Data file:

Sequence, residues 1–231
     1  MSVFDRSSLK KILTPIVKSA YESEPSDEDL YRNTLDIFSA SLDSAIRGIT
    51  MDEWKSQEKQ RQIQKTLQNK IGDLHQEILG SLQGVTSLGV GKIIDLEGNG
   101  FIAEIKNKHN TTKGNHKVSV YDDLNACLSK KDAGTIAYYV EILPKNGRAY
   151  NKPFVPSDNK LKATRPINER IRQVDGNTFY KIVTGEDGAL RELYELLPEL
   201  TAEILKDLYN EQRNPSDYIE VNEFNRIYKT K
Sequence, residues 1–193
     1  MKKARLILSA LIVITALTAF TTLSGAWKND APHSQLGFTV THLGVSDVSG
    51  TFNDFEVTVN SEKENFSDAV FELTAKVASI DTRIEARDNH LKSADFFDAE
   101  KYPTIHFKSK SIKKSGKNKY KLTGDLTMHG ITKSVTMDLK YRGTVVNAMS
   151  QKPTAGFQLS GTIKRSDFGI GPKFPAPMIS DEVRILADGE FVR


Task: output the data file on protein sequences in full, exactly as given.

Sequence, residues 1–231
     1  MSVFDRSSLK KILTPIVKSA YESEPSDEDL YRNTLDIFSA SLDSAIRGIT
    51  MDEWKSQEKQ RQIQKTLQNK IGDLHQEILG SLQGVTSLGV GKIIDLEGNG
   101  FIAEIKNKHN TTKGNHKVSV YDDLNACLSK KDAGTIAYYV EILPKNGRAY
   151  NKPFVPSDNK LKATRPINER IRQVDGNTFY KIVTGEDGAL RELYELLPEL
   201  TAEILKDLYN EQRNPSDYIE VNEFNRIYKT K
Sequence, residues 1–193
     1  MKKARLILSA LIVITALTAF TTLSGAWKND APHSQLGFTV THLGVSDVSG
    51  TFNDFEVTVN SEKENFSDAV FELTAKVASI DTRIEARDNH LKSADFFDAE
   101  KYPTIHFKSK SIKKSGKNKY KLTGDLTMHG ITKSVTMDLK YRGTVVNAMS
   151  QKPTAGFQLS GTIKRSDFGI GPKFPAPMIS DEVRILADGE FVR